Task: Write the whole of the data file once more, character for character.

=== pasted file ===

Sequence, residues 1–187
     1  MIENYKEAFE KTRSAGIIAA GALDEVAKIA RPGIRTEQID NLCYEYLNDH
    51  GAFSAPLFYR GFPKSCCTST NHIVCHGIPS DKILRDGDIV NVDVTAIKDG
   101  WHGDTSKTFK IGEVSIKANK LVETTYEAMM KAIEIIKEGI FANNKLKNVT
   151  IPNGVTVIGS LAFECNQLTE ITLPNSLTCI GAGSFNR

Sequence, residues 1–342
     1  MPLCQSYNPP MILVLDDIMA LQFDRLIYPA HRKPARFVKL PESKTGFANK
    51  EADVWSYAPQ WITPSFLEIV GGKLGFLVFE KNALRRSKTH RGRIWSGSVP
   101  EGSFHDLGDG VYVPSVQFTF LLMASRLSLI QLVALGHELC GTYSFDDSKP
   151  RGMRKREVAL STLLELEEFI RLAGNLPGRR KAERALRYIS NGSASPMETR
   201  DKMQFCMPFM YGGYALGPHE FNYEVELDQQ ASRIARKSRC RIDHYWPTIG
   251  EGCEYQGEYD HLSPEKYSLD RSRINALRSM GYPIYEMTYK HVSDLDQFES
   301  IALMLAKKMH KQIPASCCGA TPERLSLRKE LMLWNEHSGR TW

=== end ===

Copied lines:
Sequence, residues 1–187
     1  MIENYKEAFE KTRSAGIIAA GALDEVAKIA RPGIRTEQID NLCYEYLNDH
    51  GAFSAPLFYR GFPKSCCTST NHIVCHGIPS DKILRDGDIV NVDVTAIKDG
   101  WHGDTSKTFK IGEVSIKANK LVETTYEAMM KAIEIIKEGI FANNKLKNVT
   151  IPNGVTVIGS LAFECNQLTE ITLPNSLTCI GAGSFNR

Sequence, residues 1–342
     1  MPLCQSYNPP MILVLDDIMA LQFDRLIYPA HRKPARFVKL PESKTGFANK
    51  EADVWSYAPQ WITPSFLEIV GGKLGFLVFE KNALRRSKTH RGRIWSGSVP
   101  EGSFHDLGDG VYVPSVQFTF LLMASRLSLI QLVALGHELC GTYSFDDSKP
   151  RGMRKREVAL STLLELEEFI RLAGNLPGRR KAERALRYIS NGSASPMETR
   201  DKMQFCMPFM YGGYALGPHE FNYEVELDQQ ASRIARKSRC RIDHYWPTIG
   251  EGCEYQGEYD HLSPEKYSLD RSRINALRSM GYPIYEMTYK HVSDLDQFES
   301  IALMLAKKMH KQIPASCCGA TPERLSLRKE LMLWNEHSGR TW